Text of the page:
Despite the severe difficulties of life in their 'homeland' (watan), most Chitral people breathe a sigh of relief when they disembark from the minibuses that have carried them home from Peshawar and other 'down country' Pakistani cities. Many say that there is greater 'peace' (scoon) in the villages of Chitral, and that they are saved from the 'speed' (tezie) of city life. Yet at the same time, they also speak of their lives as being full of tension (tensien) and anxiety (pereshani): unemployment, loans, and the unfriendly behaviour of neighbours who should ideally be affectionate and loving are all enough to send most sensitive (ihsaz korak) Chitral people into periods of tensien. In this setting of sadness and anxiety one way in which many Chitral people seek enjoyment in their daily lives is through the shared experience of music and dance. During my stay in Chitral a great deal of my time was spent attending musical programmes at which local musicians, poets and comedians perform. Indeed, the sound of music was an ever present feature of life in the region: cassettes of local Khowar music were constantly playing in the region's houses, jeeps and shops, and my friends and I often travelled along dark mountain roads in search of musical entertainment for the evening.
Chitrali women and their children emerging from a wedding feast
There is a diverse tradition of musical performance in Chitral - the musical programmes I explore here are known as gatherings, or the mahfil, and are characterized by their almost tea party like politeness. We would gather in the early evening for a meal of roast meats and rice in a friend's house; importantly, the hosts as well as the guests included both Ismaili and Sunni Muslims.  In the host's house my friends and I would always have to be on best behaviour: we would stand when someone entered or left the room, deferentially offer glasses of water, and address our friends as the 'veins of our heart' (hardio batin). Depending on the company we were in, sometimes before we ate or started to listen to the musicians perform we would share a bottle of home brewed mulberry spirit, and on other occasions in more pious company prayers were offered before the entertainments began. Wine (sharab), my more 'free' friends would often tell me, is supposed to 'clean the heart' and stimulate engaging and meaningful conversation, unlike hashish (bong), which has the capacity to make clean minds dirty and generate sexual and immoral thoughts. When my friends did drink, however, they did so looking over their shoulder, and mostly behind locked doors: the region's religious authorities were not averse to naming 'drunkards' from the villages, declaring them infidels, and shaming them in their addresses in the region's mosques.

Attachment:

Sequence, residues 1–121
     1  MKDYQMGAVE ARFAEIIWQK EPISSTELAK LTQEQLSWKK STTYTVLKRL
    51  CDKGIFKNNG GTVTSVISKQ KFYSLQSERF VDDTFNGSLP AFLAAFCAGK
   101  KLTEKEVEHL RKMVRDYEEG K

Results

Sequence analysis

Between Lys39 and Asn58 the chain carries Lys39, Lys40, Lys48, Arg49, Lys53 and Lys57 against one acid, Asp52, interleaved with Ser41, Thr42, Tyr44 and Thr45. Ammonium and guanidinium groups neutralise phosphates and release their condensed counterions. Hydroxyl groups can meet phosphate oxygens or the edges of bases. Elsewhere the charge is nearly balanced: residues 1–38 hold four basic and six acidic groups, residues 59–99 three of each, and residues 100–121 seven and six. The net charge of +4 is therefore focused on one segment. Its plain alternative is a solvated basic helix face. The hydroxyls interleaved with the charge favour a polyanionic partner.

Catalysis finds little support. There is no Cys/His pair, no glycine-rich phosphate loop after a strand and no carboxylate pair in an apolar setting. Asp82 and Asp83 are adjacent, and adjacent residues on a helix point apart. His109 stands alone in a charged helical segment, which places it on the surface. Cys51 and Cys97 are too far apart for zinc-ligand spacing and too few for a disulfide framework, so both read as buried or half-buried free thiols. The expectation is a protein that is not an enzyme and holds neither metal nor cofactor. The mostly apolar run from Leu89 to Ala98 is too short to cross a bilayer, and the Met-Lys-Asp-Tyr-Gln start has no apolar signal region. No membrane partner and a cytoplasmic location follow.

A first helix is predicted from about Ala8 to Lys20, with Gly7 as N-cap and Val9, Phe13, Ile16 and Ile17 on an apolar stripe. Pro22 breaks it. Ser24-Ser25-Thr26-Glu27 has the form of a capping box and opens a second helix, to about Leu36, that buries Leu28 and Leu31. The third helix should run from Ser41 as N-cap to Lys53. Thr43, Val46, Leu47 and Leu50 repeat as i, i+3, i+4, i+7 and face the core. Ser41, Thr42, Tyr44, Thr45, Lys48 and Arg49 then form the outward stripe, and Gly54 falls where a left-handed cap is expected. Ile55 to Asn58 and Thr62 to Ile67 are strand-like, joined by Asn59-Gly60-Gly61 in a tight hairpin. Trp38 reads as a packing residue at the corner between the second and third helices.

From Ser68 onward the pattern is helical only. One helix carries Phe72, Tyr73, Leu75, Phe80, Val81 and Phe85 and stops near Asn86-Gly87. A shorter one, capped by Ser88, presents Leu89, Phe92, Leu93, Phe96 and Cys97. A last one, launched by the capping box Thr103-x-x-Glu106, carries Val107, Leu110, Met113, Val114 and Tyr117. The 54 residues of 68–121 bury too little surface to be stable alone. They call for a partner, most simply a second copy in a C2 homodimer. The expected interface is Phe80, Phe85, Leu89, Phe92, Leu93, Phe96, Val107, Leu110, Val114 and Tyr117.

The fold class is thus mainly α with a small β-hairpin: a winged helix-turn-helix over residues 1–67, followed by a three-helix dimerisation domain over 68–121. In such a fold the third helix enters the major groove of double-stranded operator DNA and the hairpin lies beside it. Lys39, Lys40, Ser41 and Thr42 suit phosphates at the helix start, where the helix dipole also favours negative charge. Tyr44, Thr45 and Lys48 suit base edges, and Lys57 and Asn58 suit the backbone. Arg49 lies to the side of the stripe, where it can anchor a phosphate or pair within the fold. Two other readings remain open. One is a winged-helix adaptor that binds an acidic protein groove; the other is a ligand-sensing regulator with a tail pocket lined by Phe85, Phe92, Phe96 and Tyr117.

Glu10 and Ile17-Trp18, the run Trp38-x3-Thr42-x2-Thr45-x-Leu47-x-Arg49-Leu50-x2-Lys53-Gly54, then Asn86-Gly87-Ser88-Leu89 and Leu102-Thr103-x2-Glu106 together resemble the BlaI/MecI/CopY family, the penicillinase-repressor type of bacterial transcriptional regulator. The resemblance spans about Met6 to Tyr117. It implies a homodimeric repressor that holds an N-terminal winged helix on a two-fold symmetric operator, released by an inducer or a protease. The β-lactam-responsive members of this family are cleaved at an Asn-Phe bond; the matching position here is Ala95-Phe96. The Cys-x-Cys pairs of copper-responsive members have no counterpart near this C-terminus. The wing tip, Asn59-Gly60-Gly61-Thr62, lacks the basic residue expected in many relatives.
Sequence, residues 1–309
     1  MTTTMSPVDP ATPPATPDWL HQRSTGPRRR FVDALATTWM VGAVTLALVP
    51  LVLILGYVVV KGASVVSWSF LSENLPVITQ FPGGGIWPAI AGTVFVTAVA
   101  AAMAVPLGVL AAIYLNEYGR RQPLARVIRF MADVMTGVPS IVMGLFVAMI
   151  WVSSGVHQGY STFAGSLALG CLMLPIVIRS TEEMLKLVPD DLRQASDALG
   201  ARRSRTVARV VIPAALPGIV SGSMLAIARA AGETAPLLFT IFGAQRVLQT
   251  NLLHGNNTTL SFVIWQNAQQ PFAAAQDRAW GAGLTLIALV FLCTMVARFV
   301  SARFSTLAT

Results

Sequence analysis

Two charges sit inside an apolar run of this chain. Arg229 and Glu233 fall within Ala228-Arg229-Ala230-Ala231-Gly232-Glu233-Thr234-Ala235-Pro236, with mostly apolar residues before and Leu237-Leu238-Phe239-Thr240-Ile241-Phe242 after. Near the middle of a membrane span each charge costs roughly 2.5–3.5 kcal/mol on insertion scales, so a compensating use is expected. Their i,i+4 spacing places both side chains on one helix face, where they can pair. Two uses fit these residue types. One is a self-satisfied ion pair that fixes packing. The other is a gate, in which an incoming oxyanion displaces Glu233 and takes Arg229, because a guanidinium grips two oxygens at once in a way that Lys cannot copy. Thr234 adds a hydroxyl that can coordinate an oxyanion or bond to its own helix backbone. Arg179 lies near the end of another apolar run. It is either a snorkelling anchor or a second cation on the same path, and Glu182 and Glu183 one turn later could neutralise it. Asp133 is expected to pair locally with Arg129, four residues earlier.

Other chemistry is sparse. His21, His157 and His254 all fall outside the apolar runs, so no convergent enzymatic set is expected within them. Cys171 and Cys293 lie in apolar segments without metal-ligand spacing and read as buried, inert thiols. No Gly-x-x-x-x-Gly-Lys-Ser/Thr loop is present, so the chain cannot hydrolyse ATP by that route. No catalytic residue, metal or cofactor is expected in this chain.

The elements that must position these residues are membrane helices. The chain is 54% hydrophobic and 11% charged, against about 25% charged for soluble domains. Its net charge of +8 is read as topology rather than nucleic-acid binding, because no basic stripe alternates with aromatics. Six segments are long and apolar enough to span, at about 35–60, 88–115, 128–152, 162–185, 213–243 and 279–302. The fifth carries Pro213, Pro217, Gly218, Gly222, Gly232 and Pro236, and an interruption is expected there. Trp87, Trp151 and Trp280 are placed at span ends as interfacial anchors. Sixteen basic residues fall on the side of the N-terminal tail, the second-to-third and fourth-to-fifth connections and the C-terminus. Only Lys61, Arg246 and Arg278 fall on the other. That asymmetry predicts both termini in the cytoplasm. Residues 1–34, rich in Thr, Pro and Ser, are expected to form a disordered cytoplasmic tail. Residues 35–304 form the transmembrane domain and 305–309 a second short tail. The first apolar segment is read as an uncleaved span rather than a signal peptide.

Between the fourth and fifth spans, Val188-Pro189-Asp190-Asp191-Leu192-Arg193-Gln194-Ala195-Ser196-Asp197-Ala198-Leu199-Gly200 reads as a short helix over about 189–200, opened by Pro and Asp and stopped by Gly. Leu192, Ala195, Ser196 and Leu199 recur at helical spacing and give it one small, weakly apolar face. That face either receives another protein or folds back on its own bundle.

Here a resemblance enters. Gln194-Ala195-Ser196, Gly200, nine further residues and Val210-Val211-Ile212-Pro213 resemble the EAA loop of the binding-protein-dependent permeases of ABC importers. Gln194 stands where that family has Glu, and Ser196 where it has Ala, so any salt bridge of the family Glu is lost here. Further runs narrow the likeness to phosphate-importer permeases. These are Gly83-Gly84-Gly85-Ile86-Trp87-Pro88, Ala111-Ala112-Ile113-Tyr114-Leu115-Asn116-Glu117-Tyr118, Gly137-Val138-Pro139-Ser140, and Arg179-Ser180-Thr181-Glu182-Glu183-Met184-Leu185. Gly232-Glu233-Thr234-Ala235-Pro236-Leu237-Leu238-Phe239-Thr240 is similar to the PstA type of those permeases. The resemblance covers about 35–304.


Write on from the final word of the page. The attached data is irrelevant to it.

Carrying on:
The expert musicians who attended these musical programmes were amateur performers: they did not accept payment for their music, but played, rather, for the sake of interest (shauq) and a love of music. When not playing in the houses of their friends, the musicians worked as shopkeepers, medical assistants, forestry officers, telephone exchange operators and in the police force, but they were also local celebrities in the region. Like those in attendance, the members of the musical group were also a mix of Ismailis and Sunnis - indeed, their lead singer was an Ismaili man in his mid 20s. The instruments they played included the local four stringed Chitral sitar, the jeer can (an empty petrol can used as a drum), a large daff (tambourine), and twin kettle drums, or damama. The musicians would accompany the voice of the lead singer of the group, and he would sing, mostly, modern Khowar love songs written by local poets. One popular song composed by a Sunni man in his mid 30s and often recited was 'If the heart is not troubled, then who will write the love song? If there is no dew on the green mountain pasture then who will write the love song?'
The songs performed, whilst recently composed by Chitral poets, drew upon older traditions of Persianate Sufi poetry: many of them described the pain of the heart (hardio dard) caused by separation from a lover, compared the broken heart to the shards of glass from a smashed bottle of wine, and described how love had made the 'intellect astonished, but the heart compelled' ('aql hairan magam hardi majboor)'. These love songs, then, were reflections on the possibility of losing control of the intellect through the experience of heightened emotional states induced by love. Indeed, many of the musicians and poets told me that their work was deeply influenced by the real life experience of love relationships. The emphasis on losing control of the conventions of daily polite behaviour increased as the evenings progressed: the melancholic music speeded up, men who liked to dance stood and performed, and they were given encouragement by clapping and whoops of laughter and hisses of joy. Dancing with their arms outstretched, feet gently moving to the beat of their drum, men threw their heads back, looked skywards, and span to the rhythm of the music. Many of the mahfil goers also commented that only someone with a deep knowledge of the music could ever experience its effects to their full extent. These Chitral people made clear connections about the interconnectedness of emotional and intellectual processes, and emphasized the desirability of these for their daily lives.
Afghan butchers from the Panjsher Valley in their shop in a Chitral Village